Tuesday, January 4, 2011

Strategic Thinking for 2011

In previous posts on this blog, I've written about my journey into the writing life. The idea for Doctor Luke's Assistant came to me. I wrote the novel, began looking into how to get it published, and learned publishers don't want to publish someones book—they want to publish career writers. That was in 2003, and that was okay, for as I wrote the first novel, ideas for many other novels began to occupy gray cells.

Then I learned that the desire to be a career writer was not enough. You needed a platform (i.e. a ready made audience) or almost no publisher would touch you. So I switched to freelancing for platform building. That was in 2009, and was okay, since I enjoyed that type of writing and have seen a little success with it. I also worked on Bible studies, and enjoyed writing them.

During this time, my primary writing goal was to have a book, preferably a novel, published by a royalty paying publisher, the type of publisher who pays an advance against royalties. This, to me, was a sign that my writing was good. An alternate route was always open: self-publishing. I have resisted that for a number of reasons. First, it can be expensive, both to pay the set-up fees and to purchase a quantity of books that may or may not sell. Second, self-publishing carries a stigma, a statement that this writer is not good enough to make it with a real writer so he publishes himself with a vanity press. Third, the conventional wisdom is that no royalty publisher will ever touch someone who first self-publishes. Fourth, the quality of self-published books is often very poor. So why would I want to self-publish?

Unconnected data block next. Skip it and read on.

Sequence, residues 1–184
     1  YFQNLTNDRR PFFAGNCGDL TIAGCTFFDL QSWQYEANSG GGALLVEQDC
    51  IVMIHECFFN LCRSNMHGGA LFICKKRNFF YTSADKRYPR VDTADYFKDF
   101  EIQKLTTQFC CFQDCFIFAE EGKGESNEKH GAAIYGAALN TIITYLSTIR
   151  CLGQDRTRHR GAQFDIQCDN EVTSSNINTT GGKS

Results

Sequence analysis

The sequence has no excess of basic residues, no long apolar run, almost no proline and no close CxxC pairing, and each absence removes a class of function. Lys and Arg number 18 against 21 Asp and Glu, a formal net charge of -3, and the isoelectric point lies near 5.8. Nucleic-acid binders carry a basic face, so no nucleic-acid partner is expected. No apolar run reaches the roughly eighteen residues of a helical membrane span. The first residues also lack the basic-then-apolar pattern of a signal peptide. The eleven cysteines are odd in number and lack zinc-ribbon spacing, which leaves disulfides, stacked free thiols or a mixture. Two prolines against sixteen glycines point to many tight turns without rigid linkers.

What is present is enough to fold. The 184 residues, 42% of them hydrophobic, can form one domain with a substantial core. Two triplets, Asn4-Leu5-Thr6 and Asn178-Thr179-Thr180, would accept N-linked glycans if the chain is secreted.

However, several things are changing in the self-publishers. Availability of print on demand (POD) type printing machines have brought down the cost of set-up (although often with the requirement that books cost more). The quality of many self-published books (cover art, paper quality, binding) has greatly improved. There are still lots of lousy self-published books added to the market due to bad writing, but good ones can rise above the chaff.

The big change, however, is the emergence of the e-book as an alternative means of distributing books to readers. This takes care of much of the cost. The writer gets a bigger share of the price paid; there's no inventory; cover art can be just as good as with printed books. There are lots of e-book mediums, from the Sony Reader to Amazon Kindle to B&N Nook, and even more. And, perhaps most importantly, many writers seem to be having success with it. Joe Konrath reports on his blog about these successes.

So maybe I need to rethink my previous decision. I'm going to take at least two months, maybe longer, to consider what to do. I've had these sorts of inspirations before, and don't want to make a quick decision. Don't mind me if I discuss this out loud on the blog.

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